Shorter is better. Keep your domain name short; 1 or 2 words is best. The top 100,000 websites, on average, have nine characters in their domain names.

Be unique. One of your marketing goals should be to build a distinct brand that stands out from your competitors. Start by choosing a unique and distinctive domain name. Names like YourDiscountInsuranceStore.com sound generic and unremarkable compared to names such as Google.com, Yahoo.com and Zazzle.com which sound unique.

How To Find A Great Domain Name

Choosing a domain name can be hard. In many cases the most obvious brandable domain names are already registered and would be expensive to purchase. Set up a brainstorm session with your team to develop a few ideas. If it helps, use these three formulas to brainstorm possible domain names.

  1. Use existing words. Amazon.com and VitaminShoppe.com are good examples of domain names that were created using existing words. Use a thesaurus to find words that may not readily come to mind.
  2. Create new words. Many famous websites are based on new words (or words that were so obscure that few people knew them). Examples include Google.com, Bing.com or Quora.com.
  3. Create portmanteaus. A portmanteau is a combination of two (or more) words or morphemes and their definitions to create one new word, like Groupon or Pinterest.

I hope you enjoyed this article on how to choose a domain name. It is one of the most important things you can do in your new online business. If you would like to learn more about how you can make money by providing helpful articles and blog posts like this one and others that instruct, inform and are helpful, please visit the following site HERE

By Spencer Yao

http://www.searchenginejournal.com/how-your-domain-name-will-impact-seo-social-media-marketing/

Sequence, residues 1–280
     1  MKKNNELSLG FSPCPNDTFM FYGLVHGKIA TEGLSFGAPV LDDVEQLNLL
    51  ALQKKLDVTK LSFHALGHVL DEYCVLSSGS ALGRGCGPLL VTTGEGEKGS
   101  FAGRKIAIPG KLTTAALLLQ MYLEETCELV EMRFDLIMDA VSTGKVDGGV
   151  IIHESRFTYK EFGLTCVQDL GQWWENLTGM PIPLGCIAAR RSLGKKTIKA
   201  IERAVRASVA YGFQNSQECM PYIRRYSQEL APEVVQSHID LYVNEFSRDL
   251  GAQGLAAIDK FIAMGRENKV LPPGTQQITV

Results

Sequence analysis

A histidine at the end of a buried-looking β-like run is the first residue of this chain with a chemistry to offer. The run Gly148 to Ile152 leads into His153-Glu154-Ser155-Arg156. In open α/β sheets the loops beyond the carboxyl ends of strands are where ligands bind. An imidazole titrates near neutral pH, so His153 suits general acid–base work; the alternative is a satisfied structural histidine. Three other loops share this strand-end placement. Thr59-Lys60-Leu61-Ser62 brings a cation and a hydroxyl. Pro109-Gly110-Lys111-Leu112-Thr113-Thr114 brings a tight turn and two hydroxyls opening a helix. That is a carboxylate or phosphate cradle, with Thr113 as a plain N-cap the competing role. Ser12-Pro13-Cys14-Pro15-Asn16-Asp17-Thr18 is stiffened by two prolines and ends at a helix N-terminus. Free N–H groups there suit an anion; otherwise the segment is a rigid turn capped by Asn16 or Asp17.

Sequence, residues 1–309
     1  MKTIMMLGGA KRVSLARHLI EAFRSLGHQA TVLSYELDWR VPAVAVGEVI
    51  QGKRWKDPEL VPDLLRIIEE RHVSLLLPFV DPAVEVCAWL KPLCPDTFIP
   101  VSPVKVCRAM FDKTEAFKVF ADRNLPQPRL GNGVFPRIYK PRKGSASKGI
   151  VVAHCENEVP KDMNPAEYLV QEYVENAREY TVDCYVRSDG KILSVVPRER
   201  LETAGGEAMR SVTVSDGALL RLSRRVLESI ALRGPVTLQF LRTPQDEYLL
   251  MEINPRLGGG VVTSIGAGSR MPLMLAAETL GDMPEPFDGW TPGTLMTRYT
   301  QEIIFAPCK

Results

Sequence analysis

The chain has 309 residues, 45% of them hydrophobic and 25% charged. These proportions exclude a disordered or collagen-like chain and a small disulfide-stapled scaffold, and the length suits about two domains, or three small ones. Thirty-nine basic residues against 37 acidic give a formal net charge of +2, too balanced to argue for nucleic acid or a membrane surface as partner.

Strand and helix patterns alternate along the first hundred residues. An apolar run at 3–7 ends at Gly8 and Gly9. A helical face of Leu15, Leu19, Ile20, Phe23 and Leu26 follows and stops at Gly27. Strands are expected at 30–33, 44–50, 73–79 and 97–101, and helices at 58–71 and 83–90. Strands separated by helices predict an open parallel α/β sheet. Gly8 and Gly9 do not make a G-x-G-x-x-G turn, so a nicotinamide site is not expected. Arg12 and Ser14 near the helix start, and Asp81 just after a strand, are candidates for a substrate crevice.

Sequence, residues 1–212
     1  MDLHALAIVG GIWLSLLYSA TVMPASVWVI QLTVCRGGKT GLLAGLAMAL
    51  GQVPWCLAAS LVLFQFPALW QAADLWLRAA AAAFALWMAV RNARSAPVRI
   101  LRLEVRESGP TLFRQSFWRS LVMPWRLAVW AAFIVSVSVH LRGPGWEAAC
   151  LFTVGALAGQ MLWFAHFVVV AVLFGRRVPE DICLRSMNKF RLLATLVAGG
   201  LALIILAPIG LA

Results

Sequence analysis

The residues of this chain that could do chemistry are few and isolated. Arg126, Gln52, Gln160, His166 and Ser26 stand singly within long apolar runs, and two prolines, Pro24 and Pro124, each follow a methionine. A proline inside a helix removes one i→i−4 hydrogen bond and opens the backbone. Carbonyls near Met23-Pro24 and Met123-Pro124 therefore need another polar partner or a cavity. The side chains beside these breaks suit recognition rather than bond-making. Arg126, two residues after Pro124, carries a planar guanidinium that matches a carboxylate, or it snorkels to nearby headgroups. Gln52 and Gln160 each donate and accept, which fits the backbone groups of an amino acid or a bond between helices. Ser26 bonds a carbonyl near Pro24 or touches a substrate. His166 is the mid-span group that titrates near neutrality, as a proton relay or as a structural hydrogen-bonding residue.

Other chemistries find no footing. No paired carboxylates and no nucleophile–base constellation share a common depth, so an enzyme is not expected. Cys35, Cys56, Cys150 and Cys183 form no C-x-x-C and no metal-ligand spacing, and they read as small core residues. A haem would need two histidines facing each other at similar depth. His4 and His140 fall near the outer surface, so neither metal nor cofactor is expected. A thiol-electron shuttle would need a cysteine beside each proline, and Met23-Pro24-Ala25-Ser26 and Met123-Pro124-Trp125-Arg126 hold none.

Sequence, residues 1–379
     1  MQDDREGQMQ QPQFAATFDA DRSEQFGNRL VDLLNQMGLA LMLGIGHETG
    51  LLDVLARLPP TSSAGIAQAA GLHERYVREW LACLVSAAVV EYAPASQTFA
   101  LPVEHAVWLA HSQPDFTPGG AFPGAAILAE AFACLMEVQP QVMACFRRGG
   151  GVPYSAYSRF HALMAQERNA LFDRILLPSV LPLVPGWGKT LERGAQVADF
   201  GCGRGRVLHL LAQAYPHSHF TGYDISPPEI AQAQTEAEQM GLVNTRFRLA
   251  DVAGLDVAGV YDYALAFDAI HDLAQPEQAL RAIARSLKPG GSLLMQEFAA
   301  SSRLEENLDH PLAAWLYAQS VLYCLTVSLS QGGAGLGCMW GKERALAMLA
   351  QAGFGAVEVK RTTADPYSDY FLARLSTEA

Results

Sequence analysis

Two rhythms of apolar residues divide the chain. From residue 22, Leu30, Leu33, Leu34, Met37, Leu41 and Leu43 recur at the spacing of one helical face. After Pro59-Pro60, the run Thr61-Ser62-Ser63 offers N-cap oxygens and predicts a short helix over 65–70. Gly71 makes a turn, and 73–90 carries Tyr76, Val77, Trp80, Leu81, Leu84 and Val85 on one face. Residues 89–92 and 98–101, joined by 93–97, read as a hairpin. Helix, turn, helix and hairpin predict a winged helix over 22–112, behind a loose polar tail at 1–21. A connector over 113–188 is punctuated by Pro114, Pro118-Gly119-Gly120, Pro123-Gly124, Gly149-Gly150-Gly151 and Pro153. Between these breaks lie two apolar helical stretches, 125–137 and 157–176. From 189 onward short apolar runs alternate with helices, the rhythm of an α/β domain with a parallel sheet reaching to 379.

The income claims represented in this blog post are extraordinary and do not make a guarantee for your success or income level. Please see Empower Network's average affiliate earnings at: http://www.empowernetwork.com/income

The holidays have arrived. Is your business ready to reap its share of the discretionary spending bonanza that will wash through our economy between now and early January? This year looks to be quite a decent year for spending, so I really hope your plans are already set!

If you need a few more ideas about whom to target with scarce marketing dollars, may I suggest that you focus on the generation that has the most money to spend discretionarily? They represent close to 80 million U.S. consumers and hold 70% of disposable income in the U.S:

Baby Boomers! If you want to talk to the people who can afford to buy fancy gifts in quantity, no other segment of the population comes close.

Baby Boomer characteristics that should get your attention: 

  • The leading consumers in 119 out of 123 CPG (Consumer Packaged Goods) categories
  • Spend more money on technology than Gen X or Gen Y – an average of $650 per month
  • 40% of all customers who pay for wireless service
  • Close to 100% own computers (and 41% own an Apple)